Nowadays, we talk a lot about “partnerships.” They make sense for a number of reasons – not least as a way of pooling resources and making resources stretch further. The EU-funded Partnership for the Promotion of Patients’ Rights in Maternal, Neonatal & Infant Health in Jamaica (The MNIH Project), led by Professor Wendel Abel and Linnette Vassell, is a classic example of this. Not only has the EU, as donor partner, worked with the University of the West Indies (UWI) and the Women’s Resource and Outreach Centre (WROC), but also a formidable grouping of civil society organizations has come into being that will advocate, inform, advise, monitor and explain human rights issues specific to mothers and their small children in the health system.
In a broader context, this programme is critical in addressing the UN Sustainable Development Goal (SDG) #3: Ensure healthy lives and promote well-being for all at all ages. Specifically, the goals are: “By 2030, reduce the global maternal mortality ratio to less than 70 per 100 000 live births”; and “By 2030, end preventable deaths of newborns and children under 5 years of age, with all countries aiming to reduce neonatal mortality to at least as low as 12 per 1000 live births and under-5 mortality to at least as low as 25 per 1000 live births.”
Congratulations to UWI, WROC and all the partners involved in this collaboration. I am sure we will be hearing much more from them in the future. Here is more information from WROC, dated October 26, 2018:
Newly formed Civil Society Collaborative Forum to tackle human rights in health care
In a historic move to address issues of patients’ rights in health care in Jamaica, the first convening of the Civil Society Collaborative Forum (CSCF) took place on Thursday, October 25, 2018, at the Hotel Four Seasons, Kingston.
Twenty-four CSOs were represented at the landmark meeting, which was hosted by the Partnership for the Promotion of Patients’ Rights in Maternal, Neonatal and Infant Health (MNIH), a European Union-funded project jointly implemented by the University of the West Indies (UWI) Department of Community Health & Psychiatry and the Women’s Resource and Outreach Centre (WROC).
Noting that this coming together was the result of more than 16 months of on-the-ground meetings and awareness-raising among CSOs across the island, MNIH Advocacy Specialist Linnette Vassell stated, “This first convening of the CSCF marks the creation of a space for dialogue and advocacy among Jamaican CSOs working within a human rights-based framework to address health issues facing specific communities.” These issues include stigma, discrimination, making the complaints and redress system more effective, and also paying keen attention to the rights of health-care providers.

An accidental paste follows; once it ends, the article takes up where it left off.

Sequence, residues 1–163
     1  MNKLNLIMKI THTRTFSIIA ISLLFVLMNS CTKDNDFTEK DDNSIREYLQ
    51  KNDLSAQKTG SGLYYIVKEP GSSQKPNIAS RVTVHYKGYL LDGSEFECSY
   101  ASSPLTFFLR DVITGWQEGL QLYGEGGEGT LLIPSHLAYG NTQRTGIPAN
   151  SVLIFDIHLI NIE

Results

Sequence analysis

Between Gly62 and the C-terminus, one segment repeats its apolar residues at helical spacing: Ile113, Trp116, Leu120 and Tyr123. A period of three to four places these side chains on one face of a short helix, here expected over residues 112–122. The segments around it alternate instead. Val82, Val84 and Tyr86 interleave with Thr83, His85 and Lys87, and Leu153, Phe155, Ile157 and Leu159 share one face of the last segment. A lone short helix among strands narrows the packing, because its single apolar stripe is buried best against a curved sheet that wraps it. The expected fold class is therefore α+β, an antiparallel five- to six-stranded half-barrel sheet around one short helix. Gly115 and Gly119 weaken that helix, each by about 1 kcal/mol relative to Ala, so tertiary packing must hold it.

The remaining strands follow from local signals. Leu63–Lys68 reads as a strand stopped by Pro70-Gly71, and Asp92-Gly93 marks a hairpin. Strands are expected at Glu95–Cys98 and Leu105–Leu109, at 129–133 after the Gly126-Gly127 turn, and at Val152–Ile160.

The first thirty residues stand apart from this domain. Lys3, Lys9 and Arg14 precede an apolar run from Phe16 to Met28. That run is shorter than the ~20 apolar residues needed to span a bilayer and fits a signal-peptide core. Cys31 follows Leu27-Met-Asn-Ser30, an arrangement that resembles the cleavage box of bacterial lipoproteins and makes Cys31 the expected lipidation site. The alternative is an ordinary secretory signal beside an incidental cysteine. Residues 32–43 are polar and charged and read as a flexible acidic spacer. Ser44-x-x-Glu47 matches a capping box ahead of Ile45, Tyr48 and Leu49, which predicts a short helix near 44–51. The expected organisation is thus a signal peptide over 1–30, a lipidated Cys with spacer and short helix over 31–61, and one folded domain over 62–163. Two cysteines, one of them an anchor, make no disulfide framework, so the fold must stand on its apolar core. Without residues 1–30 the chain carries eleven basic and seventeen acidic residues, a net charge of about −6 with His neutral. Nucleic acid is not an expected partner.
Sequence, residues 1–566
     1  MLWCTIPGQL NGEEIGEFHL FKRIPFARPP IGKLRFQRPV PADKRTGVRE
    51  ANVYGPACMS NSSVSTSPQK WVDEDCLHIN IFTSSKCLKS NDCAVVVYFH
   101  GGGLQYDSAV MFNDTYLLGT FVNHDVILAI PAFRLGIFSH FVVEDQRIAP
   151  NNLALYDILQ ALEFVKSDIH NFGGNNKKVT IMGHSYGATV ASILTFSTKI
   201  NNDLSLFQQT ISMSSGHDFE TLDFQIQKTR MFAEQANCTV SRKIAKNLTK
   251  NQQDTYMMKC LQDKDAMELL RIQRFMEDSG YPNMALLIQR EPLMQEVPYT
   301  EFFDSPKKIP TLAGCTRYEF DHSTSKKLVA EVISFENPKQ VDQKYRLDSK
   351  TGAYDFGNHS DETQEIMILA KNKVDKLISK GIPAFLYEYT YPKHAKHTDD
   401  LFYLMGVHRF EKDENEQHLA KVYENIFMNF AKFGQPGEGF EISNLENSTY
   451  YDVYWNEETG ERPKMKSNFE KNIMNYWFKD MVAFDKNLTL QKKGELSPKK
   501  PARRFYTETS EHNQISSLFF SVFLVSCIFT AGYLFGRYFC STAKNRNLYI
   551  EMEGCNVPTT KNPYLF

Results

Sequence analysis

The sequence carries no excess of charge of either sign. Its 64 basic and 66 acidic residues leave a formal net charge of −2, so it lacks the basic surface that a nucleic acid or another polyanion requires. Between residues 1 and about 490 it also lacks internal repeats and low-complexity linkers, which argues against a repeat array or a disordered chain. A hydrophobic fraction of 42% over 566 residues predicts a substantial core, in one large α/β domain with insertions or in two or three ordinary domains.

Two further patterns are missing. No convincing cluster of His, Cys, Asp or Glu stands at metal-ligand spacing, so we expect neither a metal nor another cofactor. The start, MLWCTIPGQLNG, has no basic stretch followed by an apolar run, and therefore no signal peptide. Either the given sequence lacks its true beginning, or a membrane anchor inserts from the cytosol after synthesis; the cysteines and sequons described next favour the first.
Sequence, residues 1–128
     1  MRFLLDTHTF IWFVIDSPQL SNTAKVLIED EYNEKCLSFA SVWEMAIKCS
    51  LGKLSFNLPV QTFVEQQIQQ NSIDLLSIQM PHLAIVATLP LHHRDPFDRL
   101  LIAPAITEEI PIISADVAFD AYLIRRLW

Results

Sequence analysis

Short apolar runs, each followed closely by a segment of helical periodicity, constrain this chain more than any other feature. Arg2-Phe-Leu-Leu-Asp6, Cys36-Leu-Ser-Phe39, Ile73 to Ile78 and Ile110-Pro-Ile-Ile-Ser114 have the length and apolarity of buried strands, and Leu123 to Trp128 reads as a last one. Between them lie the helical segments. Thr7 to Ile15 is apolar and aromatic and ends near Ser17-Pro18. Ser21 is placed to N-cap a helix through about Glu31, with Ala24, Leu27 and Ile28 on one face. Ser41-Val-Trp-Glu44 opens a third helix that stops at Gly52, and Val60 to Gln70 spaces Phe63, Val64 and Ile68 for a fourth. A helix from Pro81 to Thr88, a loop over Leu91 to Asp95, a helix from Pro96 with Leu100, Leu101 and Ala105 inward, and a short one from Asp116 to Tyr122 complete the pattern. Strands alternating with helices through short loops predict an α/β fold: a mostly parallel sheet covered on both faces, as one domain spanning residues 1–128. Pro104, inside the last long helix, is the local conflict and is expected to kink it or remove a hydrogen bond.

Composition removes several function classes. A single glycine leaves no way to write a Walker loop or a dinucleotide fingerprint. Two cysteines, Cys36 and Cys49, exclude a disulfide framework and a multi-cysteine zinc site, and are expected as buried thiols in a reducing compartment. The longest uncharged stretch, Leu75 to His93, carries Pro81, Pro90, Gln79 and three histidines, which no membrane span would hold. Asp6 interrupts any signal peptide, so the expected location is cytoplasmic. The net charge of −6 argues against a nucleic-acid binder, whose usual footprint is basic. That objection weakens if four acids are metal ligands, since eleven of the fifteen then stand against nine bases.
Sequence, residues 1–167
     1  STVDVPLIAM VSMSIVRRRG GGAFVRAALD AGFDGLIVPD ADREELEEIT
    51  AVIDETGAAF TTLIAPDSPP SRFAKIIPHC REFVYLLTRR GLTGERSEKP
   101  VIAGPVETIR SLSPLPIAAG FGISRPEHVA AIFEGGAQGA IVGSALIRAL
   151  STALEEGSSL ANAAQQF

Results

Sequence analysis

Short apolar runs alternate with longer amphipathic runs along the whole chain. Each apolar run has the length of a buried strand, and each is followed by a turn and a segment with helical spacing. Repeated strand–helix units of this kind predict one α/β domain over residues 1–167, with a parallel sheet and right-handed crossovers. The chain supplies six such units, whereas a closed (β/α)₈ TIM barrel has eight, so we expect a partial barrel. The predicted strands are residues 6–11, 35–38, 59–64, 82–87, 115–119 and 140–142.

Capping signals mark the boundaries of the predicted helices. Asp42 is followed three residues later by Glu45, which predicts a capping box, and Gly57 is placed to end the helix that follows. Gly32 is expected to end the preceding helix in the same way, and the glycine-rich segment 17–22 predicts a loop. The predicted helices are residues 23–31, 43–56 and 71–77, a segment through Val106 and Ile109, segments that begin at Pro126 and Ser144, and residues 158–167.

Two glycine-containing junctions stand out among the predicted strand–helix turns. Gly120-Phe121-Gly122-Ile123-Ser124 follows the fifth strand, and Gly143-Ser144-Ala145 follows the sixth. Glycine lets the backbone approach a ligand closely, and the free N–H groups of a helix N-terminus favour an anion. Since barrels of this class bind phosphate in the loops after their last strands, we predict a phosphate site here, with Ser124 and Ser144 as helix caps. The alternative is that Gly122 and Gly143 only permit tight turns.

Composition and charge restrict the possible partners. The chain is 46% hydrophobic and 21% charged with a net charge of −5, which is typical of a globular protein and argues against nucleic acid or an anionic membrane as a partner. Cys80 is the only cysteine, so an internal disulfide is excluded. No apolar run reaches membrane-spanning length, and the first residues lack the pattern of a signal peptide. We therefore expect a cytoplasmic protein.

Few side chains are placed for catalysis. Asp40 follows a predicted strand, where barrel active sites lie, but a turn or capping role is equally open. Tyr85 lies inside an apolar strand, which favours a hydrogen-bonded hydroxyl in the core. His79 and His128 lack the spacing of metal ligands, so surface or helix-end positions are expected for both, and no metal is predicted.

She also noted that the CSCF is a space to build awareness about human rights in patients’ care in health, especially in relation to maternal and infant health; promote cooperation among CSOs addressing the health issues of particular groups of clients; promote and strengthen respectful partnership between civil society and the Ministry of Health and related bodies; discuss and make inputs into health policy and for improving the health-care environment; and bring the public into discussions and the monitoring and improvement of health-care delivery.
Each CSO made brief presentations on the human rights issues their organisations wanted to pay attention to, as well as how they could contribute to and benefit from the CSCF, after which a specially designated listening group gave a summary report. The listening group comprised Public Defender Arlene Harrison-Henry, Methodist Church Minister Rev Claudette Campbell, Planning Institute of Jamaica Health Specialist Denese McFarlane, WROC Chairperson Lorna Lee and Education Officer Alysa Nebel.
Summarising the group’s remarks, McFarlane noted the commonality of issues raised by the CSOs. “What we’re hearing,” she said, “is that people want access to information about their health – whether it is their files or information about their rights as patients.”
She continued: “There is concern about issues of informed consent, legislation addressing the right to health care, national health insurance – especially for mothers, decision-making for pregnant women, infant health, youth … privacy and confidentiality, stigma and discrimination, customer service training, and communications.”
The Forum also saw CSOs being introduced to the MNIH Human Rights in Patient Care Training Manual, a tool produced under the MNIH project which will be used to raise awareness first among CSOs, and then in their respective communities.
The CSOs present included the St Elizabeth Women’s Limited, Rural Women’s Network, Rural Family Support Organisation, Jamaica Midwives Association, Jamaica Medical Students Association, Jamaica Medical Doctors’ Association, Nurses Association of Jamaica, Jamaica Family Planning Association, Caribbean Vulnerable Communities Coalition, Children First, Eve for Life, Jamaica Combined Disabilities Association, Trelawny Parish AIDS Committee, Ferdie’s House, Jamaicans for Justice, Jamaica Youth Advocacy Network, Sickle Cell Foundation of Jamaica, Jamaica Council for Persons with Disabilities, Jamaica Community of Positive Women, The Women’s Empowerment Group, WMW Jamaica, Jamaica Household Workers’ Union, Jamaica Network of Seropositives, and Jamaica AIDS Support for Life.
For more information, contact:
Ruth Howard, Communication Officer,
Partnership for the Promotion of Patients’ Rights in
Maternal, Neonatal and Infant Health (MNIH),
The Women’s Resource and Outreach Centre
Tel: (876) 535-1579 | Email: email@example.com
Department of Community Health and Psychiatry
University of the West Indies, Mona, Kingston 7, Jamaica
Tel: 1-876-970-6626 / 927-2476 / 927-2893
Contact: Marjorie Neita, Project Coordinator